“Sandy,” I said, “I wasn’t going to admit all that. But since you read that installment—well, then, yes, it’s true. I’ve become an ex con. And must you say fell in love with? We don’t know that for certain.”

“Okay, sorry. But you shouldn’t write up your tales for those magazines if you don’t want anyone to know, Charlie. I’ve been reading your pieces. You have comma trouble, I believe. Plus a syntax unkind to the ear.”

I was simply glad, at this juncture, that sweet Sandy didn’t mention the time I drove down to Virginia and attempted to kill Gillian’s ex boyfriend, a man not good and venal with his intent. Perhaps she had missed that story.

“Sandy,” I said, “I am in want of guidance and perhaps a lobotomy. I have come to you because I have no one else. Please help.”

Sandy had neither added blubber nor altered hair styles; she looked remarkably as she did the last I saw her several years earlier in the ice of Connecticut. Those tight auburn locks still curled down to her shoulders; and her eyes, well—one was still stuck to the wall, like Sartre. No mind: her skin and figure (bosom and buttocks both), good girl’s Mormon voice, and the multiple gigabytes of psychoanalytical data packed up in her skull—they were all enough to compensate for that indolent eye. It felt exhilarating to be that close to her again, as if my soggy will had been dried out and reanimated.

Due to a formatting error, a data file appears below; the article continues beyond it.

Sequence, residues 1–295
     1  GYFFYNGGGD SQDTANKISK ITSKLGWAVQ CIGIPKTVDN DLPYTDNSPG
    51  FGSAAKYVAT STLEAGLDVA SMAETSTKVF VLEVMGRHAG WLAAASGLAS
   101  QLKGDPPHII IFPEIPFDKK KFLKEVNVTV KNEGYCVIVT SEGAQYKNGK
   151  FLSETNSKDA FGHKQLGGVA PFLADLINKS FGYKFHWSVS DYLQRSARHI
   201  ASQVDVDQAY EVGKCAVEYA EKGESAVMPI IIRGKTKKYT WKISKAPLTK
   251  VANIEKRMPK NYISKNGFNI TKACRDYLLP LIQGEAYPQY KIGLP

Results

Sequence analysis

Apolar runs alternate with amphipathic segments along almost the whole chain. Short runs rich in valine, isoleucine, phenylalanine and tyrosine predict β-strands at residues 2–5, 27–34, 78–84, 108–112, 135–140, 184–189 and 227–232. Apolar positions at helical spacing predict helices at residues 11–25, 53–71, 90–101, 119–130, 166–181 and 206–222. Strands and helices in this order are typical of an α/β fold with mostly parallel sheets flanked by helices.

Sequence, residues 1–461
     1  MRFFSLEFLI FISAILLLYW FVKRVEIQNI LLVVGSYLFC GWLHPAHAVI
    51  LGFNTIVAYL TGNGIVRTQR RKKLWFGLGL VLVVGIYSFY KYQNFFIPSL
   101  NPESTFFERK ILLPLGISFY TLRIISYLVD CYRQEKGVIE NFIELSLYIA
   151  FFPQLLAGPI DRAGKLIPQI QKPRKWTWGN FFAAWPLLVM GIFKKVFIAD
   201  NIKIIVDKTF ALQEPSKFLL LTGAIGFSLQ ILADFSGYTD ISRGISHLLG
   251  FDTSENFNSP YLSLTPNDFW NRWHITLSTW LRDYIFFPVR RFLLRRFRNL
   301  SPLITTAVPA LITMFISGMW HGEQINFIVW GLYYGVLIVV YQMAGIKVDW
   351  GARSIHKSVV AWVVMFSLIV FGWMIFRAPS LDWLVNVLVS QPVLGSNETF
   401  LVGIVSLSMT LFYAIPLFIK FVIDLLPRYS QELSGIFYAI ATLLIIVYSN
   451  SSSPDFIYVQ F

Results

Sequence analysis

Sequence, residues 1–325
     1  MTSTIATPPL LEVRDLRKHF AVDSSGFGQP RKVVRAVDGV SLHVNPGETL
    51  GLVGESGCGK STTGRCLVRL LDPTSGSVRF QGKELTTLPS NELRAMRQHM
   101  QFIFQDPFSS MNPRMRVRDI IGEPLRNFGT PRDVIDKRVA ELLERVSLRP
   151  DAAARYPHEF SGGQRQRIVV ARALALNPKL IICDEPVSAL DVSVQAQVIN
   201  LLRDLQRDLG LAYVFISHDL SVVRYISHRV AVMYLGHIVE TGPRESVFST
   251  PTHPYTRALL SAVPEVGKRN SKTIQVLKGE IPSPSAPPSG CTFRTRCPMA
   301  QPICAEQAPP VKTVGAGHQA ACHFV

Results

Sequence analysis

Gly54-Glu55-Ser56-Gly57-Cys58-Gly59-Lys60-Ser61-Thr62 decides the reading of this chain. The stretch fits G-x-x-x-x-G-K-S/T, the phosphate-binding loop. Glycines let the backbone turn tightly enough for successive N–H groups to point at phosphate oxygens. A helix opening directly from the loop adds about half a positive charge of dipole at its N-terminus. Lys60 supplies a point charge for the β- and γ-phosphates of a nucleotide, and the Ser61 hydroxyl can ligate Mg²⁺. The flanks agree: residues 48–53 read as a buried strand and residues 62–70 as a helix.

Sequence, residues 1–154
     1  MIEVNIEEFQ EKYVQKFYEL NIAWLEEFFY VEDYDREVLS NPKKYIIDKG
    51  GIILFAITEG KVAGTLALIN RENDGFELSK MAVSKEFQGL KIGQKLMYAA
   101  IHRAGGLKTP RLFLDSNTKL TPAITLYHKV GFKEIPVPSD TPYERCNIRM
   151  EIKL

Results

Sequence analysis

The above exchange occurred on her front porch, the dinner-time sun about ready to begin its drop. “Charlie,” she said, “I will help if I can. But right now I have supper inside and someone you must meet. Follow me.”